The Left is not used to this.  Democrats are used to calling Republicans racist, greed, and uncaring. They are used to saying Republicans want the poor to suffer, kids to drink dirty water, and grandmother to die. They claim voting for Republicans will cause black churches to burn, and show Paul Ryan pushing grandmother over a cliff. They do this constantly, and Republicans cower.  Then Trump comes along and gives as good as he gets, and his supporters cheer. Finally, someone is fighting back.  The calls for someone less divisive are just calling for someone who will surrender to the Left, someone who will not fight back.

For conservatives, it is probably good that Democrats did not figure Trump out early.  While Trump is the most conservative President in history, he is not really a conservative.  Again Trump is a mirror.  He is nice to those who are nice to him. He supports those who support him, and he attacks those who attack him.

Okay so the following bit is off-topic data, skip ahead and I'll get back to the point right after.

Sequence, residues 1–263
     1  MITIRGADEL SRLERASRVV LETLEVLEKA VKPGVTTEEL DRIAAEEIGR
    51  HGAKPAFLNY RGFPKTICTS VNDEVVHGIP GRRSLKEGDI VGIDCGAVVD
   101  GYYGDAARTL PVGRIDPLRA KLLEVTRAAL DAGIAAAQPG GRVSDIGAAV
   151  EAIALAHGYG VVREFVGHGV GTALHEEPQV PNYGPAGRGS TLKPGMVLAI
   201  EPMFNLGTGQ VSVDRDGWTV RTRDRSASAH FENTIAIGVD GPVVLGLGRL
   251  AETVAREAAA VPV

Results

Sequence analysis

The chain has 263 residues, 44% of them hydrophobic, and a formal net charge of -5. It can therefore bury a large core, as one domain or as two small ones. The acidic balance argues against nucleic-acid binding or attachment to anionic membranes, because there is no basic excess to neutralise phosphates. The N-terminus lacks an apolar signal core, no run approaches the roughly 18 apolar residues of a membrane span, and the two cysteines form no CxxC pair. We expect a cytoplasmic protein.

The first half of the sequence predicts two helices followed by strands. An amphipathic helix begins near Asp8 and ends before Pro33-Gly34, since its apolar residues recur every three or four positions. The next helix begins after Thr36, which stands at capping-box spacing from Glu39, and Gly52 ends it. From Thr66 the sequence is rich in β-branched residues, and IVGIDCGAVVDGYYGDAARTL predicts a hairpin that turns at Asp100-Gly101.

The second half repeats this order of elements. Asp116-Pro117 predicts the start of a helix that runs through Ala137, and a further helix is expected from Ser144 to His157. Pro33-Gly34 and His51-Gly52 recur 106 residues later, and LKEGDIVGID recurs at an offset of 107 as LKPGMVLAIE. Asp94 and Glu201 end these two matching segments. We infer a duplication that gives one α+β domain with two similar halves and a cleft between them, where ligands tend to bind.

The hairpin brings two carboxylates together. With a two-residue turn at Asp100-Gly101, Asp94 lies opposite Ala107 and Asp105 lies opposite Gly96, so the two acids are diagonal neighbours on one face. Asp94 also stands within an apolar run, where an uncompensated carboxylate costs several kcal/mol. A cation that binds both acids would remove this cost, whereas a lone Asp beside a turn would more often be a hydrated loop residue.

Had the Democrats realized this early on, they probably could have sweet-talked him onto their side.  If they had played to his ego, given the negotiator in him, he would have given them something, and probably more than conservatives wanted.  They have certainly been uncomfortable with some of his offers. Democratic acceptance of these concessions would have brought criticism of Trump from conservatives, and the dynamic of his Presidency could have been reversed.

Luckily for conservatives, the shock of the Trump victory led instead to the attempt to destroy his Presidency with the phony Trump-Russia narrative. Pushing Trump even further into the Republican camp and enhancing the power of the far-left in the Democratic party.

Jul 16th, 2020